AnglicanTheological Anthropology

Personhood Series-Fasting

“Individualism is idolatry because individualism seeks to transcend humanity by making us all gods with our own interests and wants. Individualism is idolatry because it denies that we are our relationships.” -Andy Root                                                                                                                                                                                        

Fasting is a discipline that God gives us in order to make us persons in the truest sense of the term. A person is a relational human; a being who realizes that they are not self-existent, but intimately intertwined with and formed through the lives of all those around them. The ancient church adopted and modified the word “person” to describe the beings of the Holy Trinity; beings whose existence is bound up to the other beings in that Triune communion; beings who are eternally in relationship with one another. Each Person’s existence cannot be known apart from the relationships they indwell. The Father is Father because of the Son. The Spirit is sent from the Father and through the Son. If we fail to consider one of the members of the Trinity, we will misunderstand the other two. If we fail to see the Son as Son, we will misunderstand how the Father is Father. If we fail to see the Father as begetter, we will fail to see how the Holy Spirit also proceeds from him.

If we human beings are to seek to reflect the image and likeness of God, we too, must seek to become relational beings in the way that God is relational. The way of love in the Trinity is the telos for all human relations. In other words, we must learn to love properly since “God is love,” and love is the description of communion actualized.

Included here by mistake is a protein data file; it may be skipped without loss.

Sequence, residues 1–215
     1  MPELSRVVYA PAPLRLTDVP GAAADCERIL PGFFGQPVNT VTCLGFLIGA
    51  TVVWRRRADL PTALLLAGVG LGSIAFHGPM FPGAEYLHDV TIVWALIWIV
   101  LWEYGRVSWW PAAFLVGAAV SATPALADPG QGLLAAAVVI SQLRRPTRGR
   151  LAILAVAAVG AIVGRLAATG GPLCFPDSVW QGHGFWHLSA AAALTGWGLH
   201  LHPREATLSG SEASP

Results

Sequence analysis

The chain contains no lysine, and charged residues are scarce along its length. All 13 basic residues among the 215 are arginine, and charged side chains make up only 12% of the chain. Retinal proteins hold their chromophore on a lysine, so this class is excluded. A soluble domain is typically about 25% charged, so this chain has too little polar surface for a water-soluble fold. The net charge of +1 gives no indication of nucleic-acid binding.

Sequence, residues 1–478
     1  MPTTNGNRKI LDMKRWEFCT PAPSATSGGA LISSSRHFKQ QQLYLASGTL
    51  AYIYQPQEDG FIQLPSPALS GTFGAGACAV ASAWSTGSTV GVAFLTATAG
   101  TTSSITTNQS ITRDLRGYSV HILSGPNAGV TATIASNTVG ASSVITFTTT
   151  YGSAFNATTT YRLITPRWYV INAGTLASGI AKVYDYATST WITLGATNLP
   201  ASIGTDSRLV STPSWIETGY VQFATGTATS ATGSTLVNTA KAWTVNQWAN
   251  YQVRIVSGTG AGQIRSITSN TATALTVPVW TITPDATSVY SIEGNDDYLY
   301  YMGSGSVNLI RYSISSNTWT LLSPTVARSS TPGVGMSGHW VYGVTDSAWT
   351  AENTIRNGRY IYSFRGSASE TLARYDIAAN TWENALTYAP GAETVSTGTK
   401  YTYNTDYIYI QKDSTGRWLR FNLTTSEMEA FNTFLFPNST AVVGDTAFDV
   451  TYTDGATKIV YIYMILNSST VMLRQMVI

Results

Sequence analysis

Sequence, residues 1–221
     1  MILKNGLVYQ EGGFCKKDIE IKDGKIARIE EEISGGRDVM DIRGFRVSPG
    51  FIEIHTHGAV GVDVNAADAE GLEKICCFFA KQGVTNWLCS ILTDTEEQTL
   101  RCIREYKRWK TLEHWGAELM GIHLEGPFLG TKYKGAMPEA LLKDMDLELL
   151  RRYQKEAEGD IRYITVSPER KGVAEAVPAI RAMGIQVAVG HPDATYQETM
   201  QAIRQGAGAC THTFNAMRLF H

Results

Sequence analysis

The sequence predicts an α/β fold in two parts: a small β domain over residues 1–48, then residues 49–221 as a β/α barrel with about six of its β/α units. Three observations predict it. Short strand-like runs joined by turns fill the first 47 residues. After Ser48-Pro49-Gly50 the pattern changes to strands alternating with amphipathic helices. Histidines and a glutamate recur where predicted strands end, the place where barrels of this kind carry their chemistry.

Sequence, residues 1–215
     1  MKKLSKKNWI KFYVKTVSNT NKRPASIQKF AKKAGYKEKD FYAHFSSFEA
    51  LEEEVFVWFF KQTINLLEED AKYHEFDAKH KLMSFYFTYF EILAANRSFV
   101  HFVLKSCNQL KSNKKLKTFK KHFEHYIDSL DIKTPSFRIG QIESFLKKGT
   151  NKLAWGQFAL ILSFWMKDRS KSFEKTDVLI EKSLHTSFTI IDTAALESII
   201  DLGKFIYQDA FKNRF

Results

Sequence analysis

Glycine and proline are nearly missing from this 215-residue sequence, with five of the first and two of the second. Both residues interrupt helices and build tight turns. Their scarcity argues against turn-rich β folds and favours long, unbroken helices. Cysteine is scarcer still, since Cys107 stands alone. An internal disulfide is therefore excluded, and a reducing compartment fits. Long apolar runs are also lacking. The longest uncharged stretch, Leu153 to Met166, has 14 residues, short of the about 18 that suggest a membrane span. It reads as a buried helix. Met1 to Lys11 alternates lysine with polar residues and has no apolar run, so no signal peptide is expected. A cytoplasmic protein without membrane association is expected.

We, as sinful and broken creatures, have wired ourselves to prioritize our own wants before the needs of others. Fasting helps us to kill the seeds of selfish individualism within us. The practice helps us to say “no” to ourselves; it helps us remove the selfish desires that turn us inward so that we can be more aware of and available to the people around us. The practice helps us extinguish the inner tendency that seeks to use other people out of self-interest. Through fasting, God forms us in the way of self-denial for the sake of others. He ingrains in us the understanding that other people are placed in our lives not as objects to be used, but as persons to be loved and celebrated. Fasting teaches us that the way we exist for others–and the way that they exist for us–truly matters. It instills in us the understanding that beings in the created universe are to be respected as the manifestations of the logic of God. Thus fasting is not simply about the subduing of vices, but about the proper relation to persons.

TJ Humphrey

TJ Humphrey

TJ is a student at Nashotah House Theological Seminary and aspiring to be ordained as a priest in the Episcopal Church. He is an avid reader, especially in works that deal with relational ontology, liturgical theology, and the ecclesial life of the Church. For fun, TJ loves to spend time with his family, travel, go backpacking in the mountains, watch a good hockey game, sip on a good bourbon, and geek out with a good theology book.

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